During the summer months, spider crabs congregate in huge clusters off our coastline, reaching a peak in August. No one is totally sure what they are up to but it's likely to be something to do with mating and moulting. Importantly, however, they make for excellent eating and this is the time to catch them.
Even in these more enlightened foodie times, you'll find it can be difficult to get hold of a spider crab from fishmongers. As a country we catch about 10% of Europe’s spider crab haul but hardly eat any of it, which is pretty inexplicable given that we scoff a huge number of brown crabs. Unfortunately for us, the vast majority (more than 90%) of our spider crab catch gets exported to France. In the last few years, some of the more canny British fishmongers have caught on to the small but growing market here, so if you look hard enough you should be able to find some near you.
You can catch your own spider crab fairly easily and without a pot. At low tide, snorkelling off any sand or shingle beach will often be fruitful. You'll find them loitering around patches of rocks and seaweed but they're also out in the open more (and therefore easier to catch) than their brown cousins. Alternatively, if you don't fancy getting wet, any angler will tell you that spider crabs will latch on to most baits left on the sea bed for long enough. Casting any smelly bait, like mackerel, a few metres off the beach and leaving it for 15 minutes or so will often result in a crab holding on when you reel in (it feels like an enormous dead weight so many people assume they've caught a lump of seaweed. As long as there's still bait on the hook, the crab will usually hang on while you retrieve with a slow, steady pull).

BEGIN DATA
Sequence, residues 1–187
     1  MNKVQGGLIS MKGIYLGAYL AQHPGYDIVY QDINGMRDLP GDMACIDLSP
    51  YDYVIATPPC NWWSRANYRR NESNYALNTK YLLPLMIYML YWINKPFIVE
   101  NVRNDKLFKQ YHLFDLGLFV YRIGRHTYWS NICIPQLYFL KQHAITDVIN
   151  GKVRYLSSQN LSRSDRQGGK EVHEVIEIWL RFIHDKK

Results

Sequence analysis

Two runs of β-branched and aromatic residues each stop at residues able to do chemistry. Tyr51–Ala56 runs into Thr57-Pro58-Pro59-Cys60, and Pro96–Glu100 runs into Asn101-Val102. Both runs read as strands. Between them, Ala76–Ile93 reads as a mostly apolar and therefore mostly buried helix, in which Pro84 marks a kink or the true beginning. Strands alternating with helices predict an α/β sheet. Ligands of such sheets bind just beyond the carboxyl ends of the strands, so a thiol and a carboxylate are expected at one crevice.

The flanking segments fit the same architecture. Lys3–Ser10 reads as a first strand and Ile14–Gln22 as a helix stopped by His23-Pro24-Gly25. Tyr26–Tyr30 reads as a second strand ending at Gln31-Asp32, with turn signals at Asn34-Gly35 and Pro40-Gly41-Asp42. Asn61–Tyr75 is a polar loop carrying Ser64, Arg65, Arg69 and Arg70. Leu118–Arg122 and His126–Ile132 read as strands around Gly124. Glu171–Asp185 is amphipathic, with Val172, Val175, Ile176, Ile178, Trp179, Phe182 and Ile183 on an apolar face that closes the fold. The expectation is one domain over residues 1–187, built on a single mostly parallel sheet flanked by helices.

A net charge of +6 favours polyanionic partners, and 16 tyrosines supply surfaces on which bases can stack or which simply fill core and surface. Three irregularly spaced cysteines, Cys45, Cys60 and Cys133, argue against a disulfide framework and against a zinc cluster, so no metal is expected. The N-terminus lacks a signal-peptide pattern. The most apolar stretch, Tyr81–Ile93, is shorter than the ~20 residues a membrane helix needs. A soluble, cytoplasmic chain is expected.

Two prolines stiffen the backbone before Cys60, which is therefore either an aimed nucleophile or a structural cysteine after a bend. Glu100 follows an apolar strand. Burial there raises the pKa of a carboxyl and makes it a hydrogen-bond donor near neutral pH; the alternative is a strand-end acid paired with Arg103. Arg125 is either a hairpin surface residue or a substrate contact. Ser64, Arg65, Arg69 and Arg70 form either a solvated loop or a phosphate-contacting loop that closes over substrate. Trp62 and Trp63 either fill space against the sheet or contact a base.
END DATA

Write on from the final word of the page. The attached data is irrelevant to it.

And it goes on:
There are two types of spider crab you should avoid eating - any who have recently moulted and females carrying eggs. Both are easy to spot - you'll see the eggs on the underside of egg-carrying or "berried" females and recently-moulted specimens will have pristine shells. Look for older specimens covered in barnacles and seaweed (which they apply as a camouflage). It's generally better to eat the males because they have bigger claws with more meat.
Once you've caught your crab, preferably kill it in the recommended humane manner which involves piercing it twice – once between the eyes and once in the centre of the underside, at the tip of the abdominal flap – to kill both its nerve centres. Alternatively, if you're a bit squeamish, many people simply freeze the crab for a couple of hours to put it into a coma before plunging into a large pot of boiling water which still ensures a very quick death. In most areas the minimum landing size for a spider crab is 13cm. Frankly, your catch should be much larger if you want any kind of meal from it.
Cooking spider crabs is easy too - simply boil for 20 minutes per kilo. Most good sized crabs will be around the 1kg mark. Let it cool completely then get to work. It's worth the effort required to pick all of the leg and body sections because spider crab meat is very, very tasty. It's sweeter than the brown crab and you can substitute it in any recipe.
Have a go at these fantastic recipes:
Spider Crab Linguine (the Guardian) (pictured)
Baked Spider Crab (BBC Good Food)
BBQ Spider Crab (Food Mag)